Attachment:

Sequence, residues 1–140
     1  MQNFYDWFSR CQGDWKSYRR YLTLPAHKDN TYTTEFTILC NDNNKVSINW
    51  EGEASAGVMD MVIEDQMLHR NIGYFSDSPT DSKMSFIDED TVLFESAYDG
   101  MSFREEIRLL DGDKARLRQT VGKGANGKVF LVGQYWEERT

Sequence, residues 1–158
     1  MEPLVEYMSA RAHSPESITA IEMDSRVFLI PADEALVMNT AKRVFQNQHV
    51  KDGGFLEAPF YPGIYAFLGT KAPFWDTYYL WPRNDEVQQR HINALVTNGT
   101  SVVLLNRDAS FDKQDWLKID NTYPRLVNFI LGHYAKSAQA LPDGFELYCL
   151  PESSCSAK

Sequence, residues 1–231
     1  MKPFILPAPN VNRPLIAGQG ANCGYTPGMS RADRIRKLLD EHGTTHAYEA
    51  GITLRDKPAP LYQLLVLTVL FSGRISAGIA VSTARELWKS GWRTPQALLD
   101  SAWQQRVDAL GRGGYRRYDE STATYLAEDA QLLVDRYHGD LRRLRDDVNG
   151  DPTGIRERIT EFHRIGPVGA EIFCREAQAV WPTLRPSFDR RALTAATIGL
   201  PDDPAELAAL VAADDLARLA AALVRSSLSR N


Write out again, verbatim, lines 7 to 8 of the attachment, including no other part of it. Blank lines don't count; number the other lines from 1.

    51  KDGGFLEAPF YPGIYAFLGT KAPFWDTYYL WPRNDEVQQR HINALVTNGT
   101  SVVLLNRDAS FDKQDWLKID NTYPRLVNFI LGHYAKSAQA LPDGFELYCL